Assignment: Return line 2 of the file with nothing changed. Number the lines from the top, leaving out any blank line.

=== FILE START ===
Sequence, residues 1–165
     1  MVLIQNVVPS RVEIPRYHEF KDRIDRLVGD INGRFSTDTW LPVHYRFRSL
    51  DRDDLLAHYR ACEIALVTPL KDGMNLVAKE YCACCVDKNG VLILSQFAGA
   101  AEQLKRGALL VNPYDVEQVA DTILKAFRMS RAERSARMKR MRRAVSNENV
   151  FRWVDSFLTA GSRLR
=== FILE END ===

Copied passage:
     1  MVLIQNVVPS RVEIPRYHEF KDRIDRLVGD INGRFSTDTW LPVHYRFRSL